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Hopkinstown  
The 1842 Tithe Apportionment Map of Llanwonno Parish and its accompanying schedule provide valuable information on the origins of the village of Hopkinstown. From it we can see that no dwellings were located where the village later developed. Rather, the whole area was part of the fifty-one acre Ty Mawr Estate owned by Evan Hopkin. However, by the end of the decade a transformation had occurred. Gyfeillion Colliery and the old Ty Mawr shaft had been sunk and coke ovens, chemical works and an iron foundry built. The development of industry created a need for housing. Hopkinstown began to develop as a single row of houses known as Rhondda Road on the 1851 and 1861 census. Not until the 1871 did the name Hopkin's Town, as it was spelt then, first appear on the census. We can assume therefore that the village of Hopkinstown takes its name from the aforementioned Evan Hopkin, owner of the Ty Mawr Estate at the beginning of the 1840s.
Hopkinstown's population grew quickly throughout the second half of the 19th century. By the 1891 census we see that additional streets had been built to the previously one street village. Its population had almost reached 1500 inhabitants. Ten years later, Hopkinstown's population had doubled and its size further increased. Indeed, the layout of the village a hundred years ago remains remarkably similar to today.
Hopkinstown map
Hopkinstown Rail Disaster  
A significant event in Hopkinstown's past was the rail accident that occurred on the Taff Vale Railway on January 23rd, 1911. Throughout their histories, mining villages of South Wales experienced death and tragedy. Indeed the loss of eleven lives as a result of the Hopkinstown railway disaster was relatively small in comparison to the loss of life seen in many mining disaster. However, the incident attracted considerable attention and sympathy for the victims as a result of the graphic accounts that appeared in the press of the time. Huge crowds gathered on Graigwen Hill to witness the scene of carnage. Furthermore, prominent figures had been amongst the passengers. Members of the South Wales Miners' Federation were travelling to a special conference of the Miners' Federation of Great Britain being held in London.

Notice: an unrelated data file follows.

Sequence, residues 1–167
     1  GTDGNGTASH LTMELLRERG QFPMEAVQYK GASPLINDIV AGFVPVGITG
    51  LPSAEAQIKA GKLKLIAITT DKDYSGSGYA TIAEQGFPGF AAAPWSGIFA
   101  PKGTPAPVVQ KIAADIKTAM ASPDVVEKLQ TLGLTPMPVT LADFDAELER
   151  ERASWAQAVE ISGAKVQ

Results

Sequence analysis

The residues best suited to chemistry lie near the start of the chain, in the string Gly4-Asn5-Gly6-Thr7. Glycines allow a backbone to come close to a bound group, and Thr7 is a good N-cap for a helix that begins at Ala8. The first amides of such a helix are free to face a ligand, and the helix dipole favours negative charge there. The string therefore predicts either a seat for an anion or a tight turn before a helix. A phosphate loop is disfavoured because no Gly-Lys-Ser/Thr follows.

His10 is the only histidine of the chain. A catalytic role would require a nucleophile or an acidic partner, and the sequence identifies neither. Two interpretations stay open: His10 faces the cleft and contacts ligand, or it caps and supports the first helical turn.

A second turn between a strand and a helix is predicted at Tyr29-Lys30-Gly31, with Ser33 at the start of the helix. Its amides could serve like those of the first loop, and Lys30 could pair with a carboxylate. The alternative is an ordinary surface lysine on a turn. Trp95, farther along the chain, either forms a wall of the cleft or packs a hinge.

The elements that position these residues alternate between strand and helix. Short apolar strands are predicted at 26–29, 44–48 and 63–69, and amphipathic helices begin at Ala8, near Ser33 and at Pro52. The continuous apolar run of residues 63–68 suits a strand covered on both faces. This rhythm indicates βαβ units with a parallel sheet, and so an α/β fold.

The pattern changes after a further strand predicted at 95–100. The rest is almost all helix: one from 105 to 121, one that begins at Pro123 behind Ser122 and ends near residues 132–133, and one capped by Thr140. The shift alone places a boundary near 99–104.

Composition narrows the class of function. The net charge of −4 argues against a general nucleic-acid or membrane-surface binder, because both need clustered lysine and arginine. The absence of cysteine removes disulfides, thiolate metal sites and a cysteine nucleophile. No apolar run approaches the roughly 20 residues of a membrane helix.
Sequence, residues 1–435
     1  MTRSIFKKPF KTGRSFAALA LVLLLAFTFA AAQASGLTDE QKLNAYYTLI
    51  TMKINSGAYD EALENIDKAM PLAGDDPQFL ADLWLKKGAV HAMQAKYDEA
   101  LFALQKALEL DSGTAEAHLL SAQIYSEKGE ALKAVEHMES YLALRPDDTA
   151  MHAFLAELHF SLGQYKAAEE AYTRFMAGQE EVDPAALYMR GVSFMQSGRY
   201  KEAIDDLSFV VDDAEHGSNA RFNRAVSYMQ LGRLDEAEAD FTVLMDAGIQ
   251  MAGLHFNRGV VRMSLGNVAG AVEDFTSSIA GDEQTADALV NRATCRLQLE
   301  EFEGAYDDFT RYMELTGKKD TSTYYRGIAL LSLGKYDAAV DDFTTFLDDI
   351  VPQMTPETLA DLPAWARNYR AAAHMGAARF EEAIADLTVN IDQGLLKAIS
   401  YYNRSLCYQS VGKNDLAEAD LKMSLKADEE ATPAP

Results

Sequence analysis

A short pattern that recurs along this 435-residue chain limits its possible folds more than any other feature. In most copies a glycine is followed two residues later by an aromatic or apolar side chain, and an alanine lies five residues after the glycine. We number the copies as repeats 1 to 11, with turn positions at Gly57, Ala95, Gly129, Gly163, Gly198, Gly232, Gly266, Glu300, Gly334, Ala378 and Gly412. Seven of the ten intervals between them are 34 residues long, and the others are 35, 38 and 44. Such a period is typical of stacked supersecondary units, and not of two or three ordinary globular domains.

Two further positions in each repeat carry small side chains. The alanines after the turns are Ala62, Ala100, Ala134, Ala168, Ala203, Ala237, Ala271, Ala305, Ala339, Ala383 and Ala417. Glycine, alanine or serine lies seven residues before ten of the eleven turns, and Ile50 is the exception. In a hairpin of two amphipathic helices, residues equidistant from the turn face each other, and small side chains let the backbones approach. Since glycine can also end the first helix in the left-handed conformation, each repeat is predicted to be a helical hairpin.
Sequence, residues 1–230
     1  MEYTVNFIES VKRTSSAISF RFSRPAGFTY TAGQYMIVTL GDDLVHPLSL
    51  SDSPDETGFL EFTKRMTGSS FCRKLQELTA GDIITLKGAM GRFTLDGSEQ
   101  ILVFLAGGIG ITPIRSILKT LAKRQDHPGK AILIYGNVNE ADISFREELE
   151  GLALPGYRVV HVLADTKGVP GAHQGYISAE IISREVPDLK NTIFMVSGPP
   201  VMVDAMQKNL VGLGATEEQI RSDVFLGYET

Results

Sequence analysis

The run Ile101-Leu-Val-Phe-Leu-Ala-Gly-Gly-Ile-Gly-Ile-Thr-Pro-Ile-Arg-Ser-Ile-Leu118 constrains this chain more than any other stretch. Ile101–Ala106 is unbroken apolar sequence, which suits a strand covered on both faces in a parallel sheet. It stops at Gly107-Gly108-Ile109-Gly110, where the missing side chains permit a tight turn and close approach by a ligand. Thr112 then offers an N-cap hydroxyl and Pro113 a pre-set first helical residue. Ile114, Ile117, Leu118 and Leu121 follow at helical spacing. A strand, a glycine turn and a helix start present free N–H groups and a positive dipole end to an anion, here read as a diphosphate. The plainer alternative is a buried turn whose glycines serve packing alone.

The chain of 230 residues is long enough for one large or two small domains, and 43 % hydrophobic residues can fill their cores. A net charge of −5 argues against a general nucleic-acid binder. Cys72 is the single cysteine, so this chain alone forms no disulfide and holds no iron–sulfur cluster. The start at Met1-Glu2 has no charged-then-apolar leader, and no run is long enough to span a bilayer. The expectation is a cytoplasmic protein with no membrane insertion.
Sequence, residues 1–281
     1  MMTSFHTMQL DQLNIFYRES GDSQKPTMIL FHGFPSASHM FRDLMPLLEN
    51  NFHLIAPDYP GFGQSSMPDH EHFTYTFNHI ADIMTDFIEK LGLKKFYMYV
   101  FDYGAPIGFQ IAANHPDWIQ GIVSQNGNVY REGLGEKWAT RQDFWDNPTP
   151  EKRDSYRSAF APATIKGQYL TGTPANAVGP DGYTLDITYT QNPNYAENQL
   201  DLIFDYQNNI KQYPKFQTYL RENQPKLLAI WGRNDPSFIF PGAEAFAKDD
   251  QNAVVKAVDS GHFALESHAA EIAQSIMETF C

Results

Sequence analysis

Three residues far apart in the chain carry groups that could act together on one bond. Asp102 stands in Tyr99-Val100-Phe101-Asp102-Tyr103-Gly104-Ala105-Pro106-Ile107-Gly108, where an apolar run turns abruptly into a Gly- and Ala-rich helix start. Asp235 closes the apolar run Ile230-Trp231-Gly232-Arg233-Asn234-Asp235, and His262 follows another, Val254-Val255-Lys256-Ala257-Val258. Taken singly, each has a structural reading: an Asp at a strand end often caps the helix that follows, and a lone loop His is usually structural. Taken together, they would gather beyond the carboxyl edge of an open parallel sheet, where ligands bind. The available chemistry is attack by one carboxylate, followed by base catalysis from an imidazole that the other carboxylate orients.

The accident occurred at a point where ten sets of rails were about to merge into two. Two signal boxes, one at Gyfeillion Lower and a second at Rhondda Cutting, controlled the rail traffic on this particular section of track.

The scene of devastation - Hopkinstown

The scene of devastation

At 9.48 am a passenger train travelling in the direction of Pontypridd passed Gyfeillion Lower signal box under clear signals with about a hundred passengers aboard. However, as it was rounding the curve immediately before the Rhondda Cutting signal box, the train collided with a coal train that was stationery on the same line. The effect of the sudden retardation caused the body of the leading carriage to part from the underframe. The underframe rode up under the impact and pierced the following carriage at seat level. Several of the other carriages were derailed. The driver of the passenger had a remarkable escape as his engine had left the rails but managed to stay upright.

Shortly after the collision a train travelling up the valley arrived and stopped allowing a number of passengers to alight and provide assistance. Fortunately it was unobstructed by the wreckage. The train then continued to Trehafod bringing the first news of the disaster. A large detachment of troops and metropolitan police, stationed at Pontypridd in the aftermath the Tonypandy riots and general industrial unrest, were despatched to the scene. The dead were moved to a nearby engine house that was used a mortuary while the injured were placed on a special train to the nearest hospital, Cardiff Royal Infirmary.
Hopkinstown rail crash